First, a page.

How Is a Company's or Individual's Carbon Footprint Measured?

30 of July of 2020

Businesses, governments, and society as a whole are moving towards a common goal: to reduce our impact on the environment. Little by little, we have learned the importance of adopting more conscious and responsible habits and respecting our planet.

The first step to complying with the Paris Agreement, not exceeding 1.5 degrees Celsius by the end of the century, is to reduce CO2 emissions released into the atmosphere. In order to reduce them, we must measure them. Only if we know how much we release and how can we create more sustainable goals and strategies.

Greenhouse Gas (GHG) Emissions

Quantifying our carbon footprint or GHG emissions is not easy, but it’s not impossible, either. The first thing to keep in mind is that emissions are measured in equivalent tons of CO2. What does that mean? It means that these tons also include the carbon dioxide (CO2) equivalent of other greenhouse gases that we release into the atmosphere, such as methane (CH4) and nitrous oxide (N2O).

When measuring our carbon footprint, we have to do two main steps: identifying our energy consumption and applying conversion factors that translate them into tons of CO2 equivalent.

This process, with all its challenges and difficulties, can be done at the corporate level or individually. The next challenge will be to reduce energy consumption and related emissions in order to reduce the pressure we put on the planet and align ourselves with the universal goal of achieving neutrality by 2050.

Measurements in the business world

When calculating a company’s carbon footprint, what has to be taken into account is that not all emissions have the same characteristics. The Greenhouse Gas Protocol, the most widely used international tool for calculating and reporting the emissions inventory, classifies them into three broad groups: Scope 1, Scope 2, and Scope 3.

  1. The first encompasses the company’s direct emissions. That is, those that come from the use of fossil fuels by vehicles or fixed sources (such as boilers). Diffuse emissions are also included, which come from fermentation or anaerobic processes (such as the generation of methane in landfills).
  2. Scope 2 encompasses emissions associated with the generation of purchased electricity, which is produced on the producer’s premises but can be attributed to its activity. These can be brought down to zero when the electricity comes from renewable sources.
  3. The latter is a sort of catch-all for the third-party emissions resulting from the company’s activity. This includes but is not limited to emissions associated with the supply chain, investments, and even the use of the products sold. Reducing the impact of Scope 3-related activities is very difficult but also very important. In doing so, other actors (such as suppliers, investors, or customers) are also encouraged to take more sustainable measures and reduce their own emissions.

Once a clear classification is obtained, one of the first challenges that companies face when calculating their carbon footprint is to identify the information you need to perform the calculation. At the very least, what fuels are consumed, how much, in what activities, and in what physical or digital media all information is stored must be identified in order to apply the conversion factors and obtain the equivalent tons of CO2.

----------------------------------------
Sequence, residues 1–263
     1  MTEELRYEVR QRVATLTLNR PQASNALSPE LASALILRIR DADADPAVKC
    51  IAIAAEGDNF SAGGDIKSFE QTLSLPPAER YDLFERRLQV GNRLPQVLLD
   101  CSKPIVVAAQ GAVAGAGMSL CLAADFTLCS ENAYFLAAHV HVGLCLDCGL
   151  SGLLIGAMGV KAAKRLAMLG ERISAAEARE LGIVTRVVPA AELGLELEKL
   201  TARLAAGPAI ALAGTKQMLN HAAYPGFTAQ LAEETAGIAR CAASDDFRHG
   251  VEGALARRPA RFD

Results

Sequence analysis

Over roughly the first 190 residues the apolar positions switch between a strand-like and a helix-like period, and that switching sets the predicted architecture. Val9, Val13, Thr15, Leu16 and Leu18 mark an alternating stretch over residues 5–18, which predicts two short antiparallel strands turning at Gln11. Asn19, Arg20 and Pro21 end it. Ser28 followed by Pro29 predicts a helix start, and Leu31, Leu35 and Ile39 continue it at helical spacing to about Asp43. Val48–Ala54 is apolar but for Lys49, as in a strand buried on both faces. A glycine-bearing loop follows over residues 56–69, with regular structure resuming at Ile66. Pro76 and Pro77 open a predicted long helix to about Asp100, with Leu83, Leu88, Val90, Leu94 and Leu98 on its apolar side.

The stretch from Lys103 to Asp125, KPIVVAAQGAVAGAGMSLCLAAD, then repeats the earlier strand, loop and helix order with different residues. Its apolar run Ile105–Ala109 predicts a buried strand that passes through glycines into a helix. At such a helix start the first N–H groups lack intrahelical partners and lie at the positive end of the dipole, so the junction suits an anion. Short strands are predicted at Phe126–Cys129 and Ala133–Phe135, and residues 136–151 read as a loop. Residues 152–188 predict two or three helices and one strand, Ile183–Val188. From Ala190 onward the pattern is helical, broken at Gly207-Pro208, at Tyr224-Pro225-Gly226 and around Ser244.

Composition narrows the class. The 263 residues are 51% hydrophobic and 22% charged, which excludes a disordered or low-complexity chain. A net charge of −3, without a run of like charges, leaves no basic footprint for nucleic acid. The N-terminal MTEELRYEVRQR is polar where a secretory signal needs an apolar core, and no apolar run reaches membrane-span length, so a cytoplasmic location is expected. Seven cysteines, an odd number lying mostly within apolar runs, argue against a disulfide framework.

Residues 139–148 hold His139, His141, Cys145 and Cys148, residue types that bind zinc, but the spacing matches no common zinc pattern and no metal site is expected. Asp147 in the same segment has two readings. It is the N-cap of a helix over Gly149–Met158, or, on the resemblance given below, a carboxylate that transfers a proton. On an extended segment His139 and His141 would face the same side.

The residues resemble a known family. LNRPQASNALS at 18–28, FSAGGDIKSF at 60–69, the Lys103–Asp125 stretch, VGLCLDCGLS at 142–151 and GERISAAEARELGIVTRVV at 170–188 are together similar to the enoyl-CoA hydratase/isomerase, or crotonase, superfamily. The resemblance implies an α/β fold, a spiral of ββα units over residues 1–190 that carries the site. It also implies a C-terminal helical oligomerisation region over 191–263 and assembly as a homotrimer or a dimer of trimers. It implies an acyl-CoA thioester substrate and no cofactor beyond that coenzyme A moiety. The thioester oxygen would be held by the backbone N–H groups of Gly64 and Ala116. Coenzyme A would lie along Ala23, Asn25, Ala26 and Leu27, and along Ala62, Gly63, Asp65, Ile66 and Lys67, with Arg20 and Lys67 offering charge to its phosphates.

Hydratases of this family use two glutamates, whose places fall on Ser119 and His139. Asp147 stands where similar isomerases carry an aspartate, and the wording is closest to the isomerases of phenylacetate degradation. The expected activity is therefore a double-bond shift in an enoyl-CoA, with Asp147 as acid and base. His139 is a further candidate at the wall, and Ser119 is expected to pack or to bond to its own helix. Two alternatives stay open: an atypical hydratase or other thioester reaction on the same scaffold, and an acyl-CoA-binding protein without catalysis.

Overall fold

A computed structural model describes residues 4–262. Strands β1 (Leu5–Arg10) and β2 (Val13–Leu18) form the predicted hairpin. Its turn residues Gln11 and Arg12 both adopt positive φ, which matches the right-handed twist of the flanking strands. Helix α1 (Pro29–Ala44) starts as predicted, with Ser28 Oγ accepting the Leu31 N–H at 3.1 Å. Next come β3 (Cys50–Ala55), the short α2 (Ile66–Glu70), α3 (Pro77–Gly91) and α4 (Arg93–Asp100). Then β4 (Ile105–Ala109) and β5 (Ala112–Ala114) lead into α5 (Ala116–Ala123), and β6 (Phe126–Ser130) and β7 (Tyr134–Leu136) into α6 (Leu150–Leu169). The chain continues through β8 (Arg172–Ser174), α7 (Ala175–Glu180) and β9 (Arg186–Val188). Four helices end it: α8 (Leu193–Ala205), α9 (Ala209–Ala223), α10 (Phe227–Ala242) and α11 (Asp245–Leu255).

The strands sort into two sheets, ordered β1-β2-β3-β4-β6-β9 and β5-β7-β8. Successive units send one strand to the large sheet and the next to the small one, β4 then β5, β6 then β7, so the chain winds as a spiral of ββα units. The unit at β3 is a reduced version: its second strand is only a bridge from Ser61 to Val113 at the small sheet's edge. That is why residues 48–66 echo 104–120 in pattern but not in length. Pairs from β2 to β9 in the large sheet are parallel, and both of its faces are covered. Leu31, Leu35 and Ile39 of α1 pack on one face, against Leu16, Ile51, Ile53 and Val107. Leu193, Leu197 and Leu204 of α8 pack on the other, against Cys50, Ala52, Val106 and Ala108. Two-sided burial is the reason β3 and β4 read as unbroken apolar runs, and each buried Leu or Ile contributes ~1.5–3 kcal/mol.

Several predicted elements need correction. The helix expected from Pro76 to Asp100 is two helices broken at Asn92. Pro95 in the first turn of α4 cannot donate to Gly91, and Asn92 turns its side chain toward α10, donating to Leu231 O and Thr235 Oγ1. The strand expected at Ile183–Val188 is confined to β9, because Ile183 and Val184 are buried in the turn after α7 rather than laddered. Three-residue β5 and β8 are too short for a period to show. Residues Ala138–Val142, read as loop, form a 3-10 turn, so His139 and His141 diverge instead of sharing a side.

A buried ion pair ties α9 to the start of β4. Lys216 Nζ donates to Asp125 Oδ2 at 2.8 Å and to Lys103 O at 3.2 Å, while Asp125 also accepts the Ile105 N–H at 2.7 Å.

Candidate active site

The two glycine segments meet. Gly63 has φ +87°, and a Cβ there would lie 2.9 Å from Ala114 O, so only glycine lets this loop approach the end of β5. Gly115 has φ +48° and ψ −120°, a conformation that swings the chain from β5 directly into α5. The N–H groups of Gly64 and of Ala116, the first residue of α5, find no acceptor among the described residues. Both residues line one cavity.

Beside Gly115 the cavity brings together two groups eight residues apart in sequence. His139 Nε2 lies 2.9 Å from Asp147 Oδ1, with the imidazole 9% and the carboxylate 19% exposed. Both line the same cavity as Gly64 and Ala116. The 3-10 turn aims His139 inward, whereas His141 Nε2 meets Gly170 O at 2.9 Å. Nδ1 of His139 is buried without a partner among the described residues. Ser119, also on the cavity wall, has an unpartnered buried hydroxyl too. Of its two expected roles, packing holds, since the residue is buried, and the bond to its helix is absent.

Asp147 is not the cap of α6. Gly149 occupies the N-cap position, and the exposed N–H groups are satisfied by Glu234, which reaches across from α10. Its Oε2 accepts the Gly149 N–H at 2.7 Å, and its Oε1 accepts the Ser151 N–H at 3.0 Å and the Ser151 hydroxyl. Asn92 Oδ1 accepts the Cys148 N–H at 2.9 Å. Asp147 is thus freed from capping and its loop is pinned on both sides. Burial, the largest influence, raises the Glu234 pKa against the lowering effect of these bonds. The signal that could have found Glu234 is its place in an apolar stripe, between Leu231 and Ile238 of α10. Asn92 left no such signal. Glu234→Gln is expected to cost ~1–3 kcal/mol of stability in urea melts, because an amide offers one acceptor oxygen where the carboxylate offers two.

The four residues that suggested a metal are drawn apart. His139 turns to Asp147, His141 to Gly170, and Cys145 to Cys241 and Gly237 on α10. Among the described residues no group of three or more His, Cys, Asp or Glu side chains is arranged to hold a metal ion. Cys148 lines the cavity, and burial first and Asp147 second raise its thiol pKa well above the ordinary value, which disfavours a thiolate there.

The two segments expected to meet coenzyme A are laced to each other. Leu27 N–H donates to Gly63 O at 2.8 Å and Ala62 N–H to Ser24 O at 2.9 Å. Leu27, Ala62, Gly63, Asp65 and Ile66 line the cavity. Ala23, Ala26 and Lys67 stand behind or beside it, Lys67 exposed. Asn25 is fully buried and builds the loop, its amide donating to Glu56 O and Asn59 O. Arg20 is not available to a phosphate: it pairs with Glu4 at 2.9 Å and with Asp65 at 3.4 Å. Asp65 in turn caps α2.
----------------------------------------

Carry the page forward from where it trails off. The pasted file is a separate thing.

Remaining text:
And at home: how to measure my own carbon footprint?

If we want to measure our own carbon footprint, we simply have to copy the actions that companies take, but on a smaller scale. And on a personal level.

The first step is identifying our energy consumption. The most significant part is what we do to air-condition and light our homes and then to get around (both in the day to day and for leisure).

The second is determining our energy consumption. The easiest way to do this is to take a look at our bills. How much am I spending on electricity or gas to air-condition and light my home? And to get around in my day-to-day life?

The last step is to apply conversion factors. This may seem like the most complicated part, but it is actually quite simple: just consult the information offered by the GHG or specialized agencies in each country (such as the Spanish Climate Change Office). Another option is to use online calculators, which give approximate information about our carbon footprint for free.

Housing and transportation would amount to Scope 1 and Scope 2, as outlined by the GHG protocol. Scope 3 may include emissions associated with everything we buy, such as clothing, food, or tech devices. Calculating these emissions is difficult, but reducing them is extremely important. Just as in the business world, by consuming responsibly, we are encouraging other agents like producers and carriers to opt for sustainability, as well.

Smart decisions

Companies must integrate their climate strategies into the company’s strategy. They must not only set ambitious goals to reduce their emissions but also fulfill their commitments.

It’s in our hands to align ourselves as well as our surroundings with international goals, thus spurring change among our customers, users, and supply chain. Only when companies, individuals, and public institutions work together to reduce our emissions can we trust that we can achieve the environmental objectives set out in the Paris Agreement.

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